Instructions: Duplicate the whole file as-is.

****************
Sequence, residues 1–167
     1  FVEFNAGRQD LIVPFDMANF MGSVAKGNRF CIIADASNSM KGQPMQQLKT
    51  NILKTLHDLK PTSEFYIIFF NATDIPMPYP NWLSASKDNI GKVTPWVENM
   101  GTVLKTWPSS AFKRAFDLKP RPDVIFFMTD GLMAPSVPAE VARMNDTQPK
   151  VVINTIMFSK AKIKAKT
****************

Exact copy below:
Sequence, residues 1–167
     1  FVEFNAGRQD LIVPFDMANF MGSVAKGNRF CIIADASNSM KGQPMQQLKT
    51  NILKTLHDLK PTSEFYIIFF NATDIPMPYP NWLSASKDNI GKVTPWVENM
   101  GTVLKTWPSS AFKRAFDLKP RPDVIFFMTD GLMAPSVPAE VARMNDTQPK
   151  VVINTIMFSK AKIKAKT